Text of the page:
Public invited to pay tribute to Lincoln Alexander
Published Monday, October 22, 2012 10:03AM EDT
Last Updated Monday, October 22, 2012 10:22AM EDT
Members of the public are invited to pay their respects today, as the body of former Ontario lieutenant-governor Lincoln Alexander lies in state at Queen's Park in Toronto.
Alexander's flag-draped coffin arrived at the Ontario legislature in downtown Toronto Sunday afternoon, where he was remembered by Premier Dalton McGuinty, Lt.-Gov. David Onley and other MPPs before the public was allowed to file past in the evening.
The doors were opened to the public again at 8 a.m. Monday morning. Anyone interested in visiting, or signing a book of condolences for the pioneering public figure can do so at the legislature's main building until 8 p.m.
After that, Alexander will be transported to his hometown of Hamilton where he will lie in repose at City Hall from Tuesday until Thursday.
A state funeral for Alexander is set for Friday, at the downtown Hamilton Place, exactly one week after he died at the age of 90.
Born in Toronto to West Indian immigrant parents, Alexander served with the Royal Canadian Air Force during the Second World War as a wireless operator.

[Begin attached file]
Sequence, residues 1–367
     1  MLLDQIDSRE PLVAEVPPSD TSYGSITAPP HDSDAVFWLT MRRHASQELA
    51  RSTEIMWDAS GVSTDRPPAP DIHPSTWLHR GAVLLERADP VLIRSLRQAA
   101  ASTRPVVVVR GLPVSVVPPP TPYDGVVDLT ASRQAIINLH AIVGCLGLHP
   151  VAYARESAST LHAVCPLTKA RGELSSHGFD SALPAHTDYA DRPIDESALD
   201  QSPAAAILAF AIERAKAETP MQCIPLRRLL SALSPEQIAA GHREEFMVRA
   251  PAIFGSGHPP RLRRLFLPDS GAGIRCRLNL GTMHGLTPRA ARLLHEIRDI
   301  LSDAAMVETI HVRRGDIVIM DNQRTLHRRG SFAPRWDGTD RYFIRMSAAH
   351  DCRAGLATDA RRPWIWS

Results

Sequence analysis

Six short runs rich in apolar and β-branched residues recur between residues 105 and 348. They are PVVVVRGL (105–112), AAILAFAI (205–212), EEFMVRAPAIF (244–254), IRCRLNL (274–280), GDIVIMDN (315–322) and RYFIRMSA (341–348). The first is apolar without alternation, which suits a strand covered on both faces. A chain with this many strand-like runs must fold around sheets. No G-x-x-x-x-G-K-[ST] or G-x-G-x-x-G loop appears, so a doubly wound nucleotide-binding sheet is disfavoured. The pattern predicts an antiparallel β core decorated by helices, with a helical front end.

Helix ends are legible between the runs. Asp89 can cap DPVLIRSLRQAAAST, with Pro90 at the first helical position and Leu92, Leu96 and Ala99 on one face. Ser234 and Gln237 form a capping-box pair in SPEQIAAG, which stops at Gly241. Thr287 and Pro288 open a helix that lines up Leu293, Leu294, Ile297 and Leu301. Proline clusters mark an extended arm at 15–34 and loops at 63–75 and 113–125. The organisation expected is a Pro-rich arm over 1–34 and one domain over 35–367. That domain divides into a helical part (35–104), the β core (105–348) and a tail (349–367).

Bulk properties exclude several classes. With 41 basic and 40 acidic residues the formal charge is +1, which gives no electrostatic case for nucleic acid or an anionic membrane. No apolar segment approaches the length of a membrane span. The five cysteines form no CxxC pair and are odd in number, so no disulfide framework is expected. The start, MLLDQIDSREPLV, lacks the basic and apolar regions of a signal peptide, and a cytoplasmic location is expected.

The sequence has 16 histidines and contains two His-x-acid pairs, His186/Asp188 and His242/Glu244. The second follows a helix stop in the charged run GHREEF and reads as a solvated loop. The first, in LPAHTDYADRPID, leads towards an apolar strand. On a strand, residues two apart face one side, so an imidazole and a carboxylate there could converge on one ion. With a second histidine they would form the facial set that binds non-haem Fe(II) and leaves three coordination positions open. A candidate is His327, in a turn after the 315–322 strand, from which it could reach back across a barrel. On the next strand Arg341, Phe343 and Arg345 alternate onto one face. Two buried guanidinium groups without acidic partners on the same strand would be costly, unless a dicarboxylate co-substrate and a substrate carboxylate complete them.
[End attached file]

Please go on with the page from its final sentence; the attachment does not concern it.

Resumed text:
He entered federal politics in 1968, after being elected as a Conservative MP for Hamilton, becoming the first black member of Parliament in Canada.
He was re-elected three times, in 1972, 1979 and 1980 and served as Minister of Labour during Joe Clark’s nine-month term as prime minister that ended in 1980.
Five years later, he was appointed Ontario’s 24th lieutenant governor, a post he held onto until 1991.
The following year, Alexander was appointed a Companion of the Order of Canada and was also named to the Order of Ontario.
Jason Kipps, Alexander's stepson, said his stepfather will be remembered as a "friendly guy” who was a trailblazer for his community.
"I think he made a significant contribution to this province and this country," Kipps said Sunday. "He was an inspiration for a lot of people and I think that will live on."
Alexander is survived by his wife Marni, son Keith, and two granddaughters, Erika and Marissa.